Incidence and correlated factors of beta cell failure in a 4-year follow-up of patients with type 2 diabetes: a longitudinal analysis of the BETADECLINE study
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Type 2 diabetes is associated with progressive deterioration of beta cell function and loss of glycemic control, with increased morbidity and mortality from microvascular and macrovascular complications. Factors predictive of beta cell decline are needed.
We have conducted a prospective evaluation of baseline predictors of beta cell dysfunction and insulin initiation in a cohort of outpatients with type 2 diabetes receiving stable treatment with oral hypoglycemic agents or dietary intervention, over a 4-year follow-up period.
Of 507 patients enrolled, 56 (10.8 %) experienced the study endpoint of initiation of insulin therapy. Univariate and multivariate Cox proportional hazard regression analyses revealed that the likelihood of initiating insulin therapy during follow-up increased with longer diabetes duration and with higher baseline values for hemoglobin A1c, fasting plasma glucose, triglycerides, proinsulin, interleukin-6, Homeostatic Model Assessment-IR and lower values for Homeostatic Model Assessment-B. The likelihood of initiating insulin therapy increased by 46 % for each 1 % increase (10.9 mmol/mol) in baseline hemoglobin A1c and by 6 % for each unit increase (1 ng/l) in baseline IL-6 level. The risk was fourfold higher in the lowest versus highest Homeostatic Model Assessment-B quartile. Treatment with metformin plus a secretagogue increased the risk by fourfold.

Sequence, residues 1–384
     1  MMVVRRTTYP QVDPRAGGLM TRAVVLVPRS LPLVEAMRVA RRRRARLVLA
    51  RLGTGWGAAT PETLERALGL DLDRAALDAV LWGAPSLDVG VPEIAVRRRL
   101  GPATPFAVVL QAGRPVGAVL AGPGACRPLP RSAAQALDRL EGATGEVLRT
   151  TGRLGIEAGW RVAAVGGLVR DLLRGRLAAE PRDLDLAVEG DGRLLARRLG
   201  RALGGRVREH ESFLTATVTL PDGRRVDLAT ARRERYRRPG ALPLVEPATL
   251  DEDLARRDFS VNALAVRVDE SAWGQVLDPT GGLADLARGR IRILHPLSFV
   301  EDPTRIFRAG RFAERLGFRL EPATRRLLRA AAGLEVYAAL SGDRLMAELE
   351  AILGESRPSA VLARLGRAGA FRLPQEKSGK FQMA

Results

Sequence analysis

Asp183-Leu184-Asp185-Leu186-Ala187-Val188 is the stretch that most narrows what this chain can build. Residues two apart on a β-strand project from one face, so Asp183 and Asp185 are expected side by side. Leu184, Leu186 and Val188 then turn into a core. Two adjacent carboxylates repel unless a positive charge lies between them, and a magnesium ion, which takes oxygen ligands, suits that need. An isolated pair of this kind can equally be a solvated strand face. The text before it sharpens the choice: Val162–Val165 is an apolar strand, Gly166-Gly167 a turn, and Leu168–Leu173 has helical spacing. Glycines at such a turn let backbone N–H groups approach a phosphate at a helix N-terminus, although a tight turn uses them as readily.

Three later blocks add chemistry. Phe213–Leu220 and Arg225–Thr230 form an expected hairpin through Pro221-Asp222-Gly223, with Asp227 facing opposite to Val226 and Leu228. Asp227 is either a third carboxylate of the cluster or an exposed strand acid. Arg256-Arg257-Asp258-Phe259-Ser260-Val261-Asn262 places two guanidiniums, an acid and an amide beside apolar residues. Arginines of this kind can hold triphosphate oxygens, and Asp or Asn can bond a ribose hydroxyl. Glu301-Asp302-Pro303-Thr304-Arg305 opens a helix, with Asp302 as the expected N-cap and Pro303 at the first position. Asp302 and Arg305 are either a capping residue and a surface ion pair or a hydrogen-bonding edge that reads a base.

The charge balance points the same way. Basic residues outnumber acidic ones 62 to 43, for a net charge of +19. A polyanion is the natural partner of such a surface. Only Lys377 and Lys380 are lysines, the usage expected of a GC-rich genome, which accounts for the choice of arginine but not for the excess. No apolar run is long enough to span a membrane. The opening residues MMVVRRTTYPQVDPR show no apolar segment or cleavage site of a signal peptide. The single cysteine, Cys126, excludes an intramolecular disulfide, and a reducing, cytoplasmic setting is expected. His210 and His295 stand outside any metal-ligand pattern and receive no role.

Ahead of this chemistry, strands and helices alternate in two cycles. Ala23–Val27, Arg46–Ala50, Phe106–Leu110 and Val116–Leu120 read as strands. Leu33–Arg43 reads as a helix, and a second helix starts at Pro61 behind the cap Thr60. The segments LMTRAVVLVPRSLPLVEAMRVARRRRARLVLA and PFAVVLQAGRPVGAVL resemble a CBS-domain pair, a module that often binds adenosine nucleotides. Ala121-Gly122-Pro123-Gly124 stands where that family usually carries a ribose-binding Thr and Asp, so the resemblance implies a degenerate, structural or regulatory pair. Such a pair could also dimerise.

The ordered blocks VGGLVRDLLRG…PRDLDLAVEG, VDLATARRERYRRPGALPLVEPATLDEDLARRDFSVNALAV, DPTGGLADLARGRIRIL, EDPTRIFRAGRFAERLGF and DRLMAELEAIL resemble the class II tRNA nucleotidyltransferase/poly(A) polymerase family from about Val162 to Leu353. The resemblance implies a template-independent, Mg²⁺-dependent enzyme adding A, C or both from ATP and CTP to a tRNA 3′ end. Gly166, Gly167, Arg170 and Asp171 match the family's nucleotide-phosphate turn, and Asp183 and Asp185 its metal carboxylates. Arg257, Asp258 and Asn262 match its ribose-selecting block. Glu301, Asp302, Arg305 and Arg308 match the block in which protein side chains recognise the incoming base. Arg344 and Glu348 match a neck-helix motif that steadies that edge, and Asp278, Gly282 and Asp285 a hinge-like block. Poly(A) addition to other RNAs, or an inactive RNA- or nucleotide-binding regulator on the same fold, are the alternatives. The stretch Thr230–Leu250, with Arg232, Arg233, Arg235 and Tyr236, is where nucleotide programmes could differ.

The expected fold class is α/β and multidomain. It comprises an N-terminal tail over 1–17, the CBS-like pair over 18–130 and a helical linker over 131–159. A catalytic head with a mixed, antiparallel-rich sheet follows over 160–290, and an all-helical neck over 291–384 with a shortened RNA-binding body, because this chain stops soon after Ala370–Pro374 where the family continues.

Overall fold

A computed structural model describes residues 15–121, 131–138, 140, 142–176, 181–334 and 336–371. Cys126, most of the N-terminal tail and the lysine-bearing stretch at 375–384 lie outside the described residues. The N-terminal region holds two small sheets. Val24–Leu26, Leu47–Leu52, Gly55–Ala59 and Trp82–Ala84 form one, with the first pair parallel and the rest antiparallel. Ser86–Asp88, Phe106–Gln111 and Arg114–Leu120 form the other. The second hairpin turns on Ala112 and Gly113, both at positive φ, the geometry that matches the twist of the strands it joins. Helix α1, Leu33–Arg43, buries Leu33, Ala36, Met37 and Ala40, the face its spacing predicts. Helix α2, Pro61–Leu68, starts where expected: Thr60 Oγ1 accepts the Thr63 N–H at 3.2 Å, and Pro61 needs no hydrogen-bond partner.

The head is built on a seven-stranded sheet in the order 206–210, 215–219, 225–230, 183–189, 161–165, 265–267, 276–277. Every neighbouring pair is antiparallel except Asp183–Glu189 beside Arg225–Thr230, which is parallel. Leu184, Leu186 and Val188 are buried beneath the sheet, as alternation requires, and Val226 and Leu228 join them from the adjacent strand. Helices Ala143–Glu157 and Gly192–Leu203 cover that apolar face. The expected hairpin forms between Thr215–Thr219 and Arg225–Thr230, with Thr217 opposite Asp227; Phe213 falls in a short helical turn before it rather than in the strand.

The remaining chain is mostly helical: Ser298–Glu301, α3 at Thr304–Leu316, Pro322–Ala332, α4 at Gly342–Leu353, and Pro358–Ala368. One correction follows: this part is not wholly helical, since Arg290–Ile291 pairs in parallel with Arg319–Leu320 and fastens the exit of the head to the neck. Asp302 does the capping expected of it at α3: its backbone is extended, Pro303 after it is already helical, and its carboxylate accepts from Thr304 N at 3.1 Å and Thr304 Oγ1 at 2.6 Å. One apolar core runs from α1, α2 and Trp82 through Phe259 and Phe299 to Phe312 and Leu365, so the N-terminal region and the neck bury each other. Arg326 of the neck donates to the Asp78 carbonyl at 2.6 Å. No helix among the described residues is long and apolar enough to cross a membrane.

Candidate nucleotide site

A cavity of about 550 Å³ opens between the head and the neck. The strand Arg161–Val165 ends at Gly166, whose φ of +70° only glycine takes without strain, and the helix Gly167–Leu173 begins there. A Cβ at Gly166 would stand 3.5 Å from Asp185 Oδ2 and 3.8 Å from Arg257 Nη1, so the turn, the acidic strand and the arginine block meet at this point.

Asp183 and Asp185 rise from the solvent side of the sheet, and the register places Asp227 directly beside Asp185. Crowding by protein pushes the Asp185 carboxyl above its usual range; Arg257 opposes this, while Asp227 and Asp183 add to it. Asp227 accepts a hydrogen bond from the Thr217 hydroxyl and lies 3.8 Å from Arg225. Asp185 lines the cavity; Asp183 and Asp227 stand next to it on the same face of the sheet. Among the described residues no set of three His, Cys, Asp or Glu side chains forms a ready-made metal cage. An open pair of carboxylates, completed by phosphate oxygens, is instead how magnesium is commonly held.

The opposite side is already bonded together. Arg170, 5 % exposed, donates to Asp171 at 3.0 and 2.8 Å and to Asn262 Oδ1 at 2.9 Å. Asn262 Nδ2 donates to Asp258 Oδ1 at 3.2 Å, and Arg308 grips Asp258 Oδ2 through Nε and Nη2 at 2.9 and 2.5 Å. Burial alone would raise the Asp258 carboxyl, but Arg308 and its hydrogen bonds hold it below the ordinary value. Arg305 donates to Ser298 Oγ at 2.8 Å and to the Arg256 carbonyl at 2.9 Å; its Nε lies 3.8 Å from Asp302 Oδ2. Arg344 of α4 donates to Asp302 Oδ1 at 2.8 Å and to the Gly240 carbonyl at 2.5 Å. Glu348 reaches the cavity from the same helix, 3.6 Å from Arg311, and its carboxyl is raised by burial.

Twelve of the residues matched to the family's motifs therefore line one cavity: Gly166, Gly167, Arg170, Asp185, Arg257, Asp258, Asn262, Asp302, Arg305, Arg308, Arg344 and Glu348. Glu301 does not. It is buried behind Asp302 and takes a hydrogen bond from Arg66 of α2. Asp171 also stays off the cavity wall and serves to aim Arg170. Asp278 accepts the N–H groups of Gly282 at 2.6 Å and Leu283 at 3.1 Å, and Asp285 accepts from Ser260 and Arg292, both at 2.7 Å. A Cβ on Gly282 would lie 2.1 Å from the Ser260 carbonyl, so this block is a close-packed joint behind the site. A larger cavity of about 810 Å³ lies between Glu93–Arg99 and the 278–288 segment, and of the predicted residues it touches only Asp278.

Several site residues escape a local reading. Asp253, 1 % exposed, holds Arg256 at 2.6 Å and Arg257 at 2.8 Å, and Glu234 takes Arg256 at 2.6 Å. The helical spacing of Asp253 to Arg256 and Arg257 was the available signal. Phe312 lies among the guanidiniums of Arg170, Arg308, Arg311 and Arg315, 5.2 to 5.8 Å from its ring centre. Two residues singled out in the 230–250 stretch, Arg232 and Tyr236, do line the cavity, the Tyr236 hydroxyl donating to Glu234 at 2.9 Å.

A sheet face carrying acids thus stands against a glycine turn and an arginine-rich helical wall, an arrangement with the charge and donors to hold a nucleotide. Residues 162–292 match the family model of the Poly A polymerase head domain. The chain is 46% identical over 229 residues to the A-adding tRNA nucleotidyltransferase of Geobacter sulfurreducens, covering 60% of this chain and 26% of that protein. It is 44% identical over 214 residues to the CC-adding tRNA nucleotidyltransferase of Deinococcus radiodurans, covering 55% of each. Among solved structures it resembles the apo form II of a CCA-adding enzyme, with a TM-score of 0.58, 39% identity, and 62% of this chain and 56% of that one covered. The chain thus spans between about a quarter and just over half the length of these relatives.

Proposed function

Our results show that commonly measured parameters may predict treatment failure in type 2 diabetes and suggest that early treatment with metformin plus secretagogues may foretell this failure.
KeywordsType 2 diabetes Secondary failure Beta cell function
The BETADECLINE Group includes S. Leotta, A. Arcangeli, M. Calabrese, G. Vespasiani, A. Corda, L. Gentile, M. A. Pellegrini.
All the authors contributed to study conception and design, acquisition of data, analysis and interpretation of data, drafting of manuscript and critical revision.
Compliance with ethical standards
Conflict of interest
This study was organized by AMD Foundation Rome, in part supported by Chaira Medica Association (non-profit organization for the study of endocrine and metabolic disorders), Chieri, Italy, and was funded by MSD Italia Srl. There is no one outside of the author SC who is employed or has relationships with Merck Sharp & Dohme Corp. Inc. SC’s contribution is in data analysis and interpretation. The funders had no role in study design, data collection and analysis, decision to publish or preparation of the manuscript. Medical writing assistance was provided by Editamed srl, Turin, Italy.
This study was conducted in conformance with good clinical practice standards. Written informed consent was obtained from all participants before enrollment; the study was conducted in accordance with the Declaration of Helsinki and was approved on 30/06/2008 by the Ethics Committee of the University Hospital Saint Luigi Gonzaga of Orbassano, Turin, Italy.
Human and animal rights
All procedures followed were in accordance with the ethical standards of the responsible committee on human experimentation (institutional and national) and with the Helsinki Declaration of 1975, as revised in 2008.
Informed consent was obtained from all patients for being included in the study.
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